Something National Grid failed to note: There are two dailies in this town. Boston Herald readers also have a nickel in this quarter. Time to give the thirsty local tabloid some love, eh?
Columbia Gas, which oversaw the destruction of roughly 80 homes; the death of Leonel Rondon, a student at Phoenix Charter Academy; over two dozen injuries; and the disruption of thousands of other lives, promises to restore service to Lawrence, Andover, and North Andover by November 19th.
But . . .
The company is also hedging its bets, as yesterday’s full-page Boston Globe ad from Columbia Gasbag Joe Hamrock indicates.
Nuts to deadlines graf.
Notice first that Columbia Gas is outsourcing part of its responsibility for the recovery to “local, state and federal officials and other dedicated people and organizations.”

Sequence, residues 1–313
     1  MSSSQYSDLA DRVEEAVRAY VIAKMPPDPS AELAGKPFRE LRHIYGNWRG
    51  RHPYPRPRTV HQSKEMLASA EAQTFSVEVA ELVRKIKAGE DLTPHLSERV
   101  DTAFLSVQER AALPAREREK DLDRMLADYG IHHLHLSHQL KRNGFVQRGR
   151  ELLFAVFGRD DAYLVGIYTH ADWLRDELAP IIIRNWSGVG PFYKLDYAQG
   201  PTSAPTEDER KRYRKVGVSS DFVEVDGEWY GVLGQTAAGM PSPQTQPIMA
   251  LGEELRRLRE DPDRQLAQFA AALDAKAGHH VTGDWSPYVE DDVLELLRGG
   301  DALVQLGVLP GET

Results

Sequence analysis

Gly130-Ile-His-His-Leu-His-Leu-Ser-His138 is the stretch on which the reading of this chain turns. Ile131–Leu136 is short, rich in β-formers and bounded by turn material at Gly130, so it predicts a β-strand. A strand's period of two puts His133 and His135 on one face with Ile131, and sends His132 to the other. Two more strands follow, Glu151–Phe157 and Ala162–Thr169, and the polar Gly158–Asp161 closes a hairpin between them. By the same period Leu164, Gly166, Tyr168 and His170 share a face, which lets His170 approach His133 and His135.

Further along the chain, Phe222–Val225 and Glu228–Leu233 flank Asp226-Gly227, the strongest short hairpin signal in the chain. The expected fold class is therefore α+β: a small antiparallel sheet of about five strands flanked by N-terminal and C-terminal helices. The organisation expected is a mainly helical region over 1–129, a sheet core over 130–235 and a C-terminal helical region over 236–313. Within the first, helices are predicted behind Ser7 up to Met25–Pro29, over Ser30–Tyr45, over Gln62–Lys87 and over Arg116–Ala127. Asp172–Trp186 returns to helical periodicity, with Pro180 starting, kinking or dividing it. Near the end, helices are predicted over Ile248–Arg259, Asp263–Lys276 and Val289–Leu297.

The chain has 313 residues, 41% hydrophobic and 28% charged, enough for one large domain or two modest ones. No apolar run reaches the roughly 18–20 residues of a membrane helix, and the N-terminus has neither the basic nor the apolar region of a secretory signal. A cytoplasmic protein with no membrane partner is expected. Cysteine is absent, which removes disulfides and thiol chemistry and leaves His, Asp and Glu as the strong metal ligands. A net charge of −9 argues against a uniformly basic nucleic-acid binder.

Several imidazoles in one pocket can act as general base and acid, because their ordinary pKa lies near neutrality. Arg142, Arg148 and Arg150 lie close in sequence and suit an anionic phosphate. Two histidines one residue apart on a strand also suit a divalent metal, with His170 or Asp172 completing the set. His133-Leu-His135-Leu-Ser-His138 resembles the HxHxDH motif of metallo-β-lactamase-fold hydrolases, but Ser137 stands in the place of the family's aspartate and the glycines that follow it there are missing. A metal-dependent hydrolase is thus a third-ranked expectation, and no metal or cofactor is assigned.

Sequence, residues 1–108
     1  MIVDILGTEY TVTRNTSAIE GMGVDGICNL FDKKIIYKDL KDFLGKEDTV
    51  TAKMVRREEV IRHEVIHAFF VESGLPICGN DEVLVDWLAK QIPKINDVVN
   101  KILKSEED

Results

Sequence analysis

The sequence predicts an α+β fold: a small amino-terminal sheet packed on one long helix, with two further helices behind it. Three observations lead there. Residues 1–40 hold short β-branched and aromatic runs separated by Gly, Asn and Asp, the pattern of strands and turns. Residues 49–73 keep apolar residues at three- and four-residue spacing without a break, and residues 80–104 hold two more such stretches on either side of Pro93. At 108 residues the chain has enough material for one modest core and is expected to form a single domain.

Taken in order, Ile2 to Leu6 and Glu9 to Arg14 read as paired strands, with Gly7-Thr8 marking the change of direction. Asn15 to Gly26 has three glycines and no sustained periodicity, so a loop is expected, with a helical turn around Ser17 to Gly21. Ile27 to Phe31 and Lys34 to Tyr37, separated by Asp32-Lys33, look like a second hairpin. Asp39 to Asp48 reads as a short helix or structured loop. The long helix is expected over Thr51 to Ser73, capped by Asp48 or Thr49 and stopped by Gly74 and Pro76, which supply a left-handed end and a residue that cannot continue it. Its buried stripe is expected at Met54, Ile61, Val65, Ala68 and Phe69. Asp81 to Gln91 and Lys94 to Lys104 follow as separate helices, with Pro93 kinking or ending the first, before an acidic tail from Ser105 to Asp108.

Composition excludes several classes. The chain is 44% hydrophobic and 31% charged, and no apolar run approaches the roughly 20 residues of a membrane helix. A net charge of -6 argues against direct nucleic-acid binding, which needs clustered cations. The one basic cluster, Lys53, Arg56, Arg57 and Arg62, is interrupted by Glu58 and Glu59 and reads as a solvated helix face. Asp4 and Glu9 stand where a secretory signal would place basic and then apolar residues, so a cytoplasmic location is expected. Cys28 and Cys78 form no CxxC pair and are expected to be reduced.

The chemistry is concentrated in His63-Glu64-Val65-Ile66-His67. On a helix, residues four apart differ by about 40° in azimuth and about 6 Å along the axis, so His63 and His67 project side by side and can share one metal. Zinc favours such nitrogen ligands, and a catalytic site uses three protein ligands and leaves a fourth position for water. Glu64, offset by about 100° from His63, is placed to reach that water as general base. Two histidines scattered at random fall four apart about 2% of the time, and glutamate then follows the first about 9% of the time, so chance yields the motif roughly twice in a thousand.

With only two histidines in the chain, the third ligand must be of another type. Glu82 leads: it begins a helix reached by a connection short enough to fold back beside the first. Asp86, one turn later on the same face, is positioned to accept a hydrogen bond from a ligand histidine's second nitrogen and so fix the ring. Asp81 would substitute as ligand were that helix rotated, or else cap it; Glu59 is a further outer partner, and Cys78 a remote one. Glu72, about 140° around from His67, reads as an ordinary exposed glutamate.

Also notice that there’s no mention of the November 19th deadline.
Also also notice that the ad did not run in the Boston Herald, yet another example of Boston institutions overlooking the thirsty local tabloid.
Who knew? It turns out the Olde Towne Team has an Official Red Wine, as readers of today’s Boston Globe discovered in this full-page ad.
Chateau Auguste certainly seems to be a hit with oenophiles: A quick check of the Googletron reveals that the 2017 Rosé featured in the ad rates from 3.4 to 4.5 stars; the 2015 Bordeaux in the background gets 4 stars. We’ll see how it plays at Fenway, though.
Two other things:
1) The ad got us to wondering who else might be an official sponsor of the Sox. We know – from all those delivery trucks – that W.B. Mason is the Official Office Products Supplier of the Boston Red Sox (and also sponsors the Philadelphia Phillies, New York Yankees, New York Mets, Cleveland Indians, Pittsburgh Pirates, Washington Nationals, and the Tampa Bay Rays, along with the NHL’s Boston Bruins).
But we had no idea that Cincinnati-based Cintas is the Official Restroom Sponsor of Fenway Park. That’s good to know. (There’s a bunch of others here.)
2) The Chateau Auguste ad did not run in the Boston Herald. That makes it the thirsty local tabloid times two.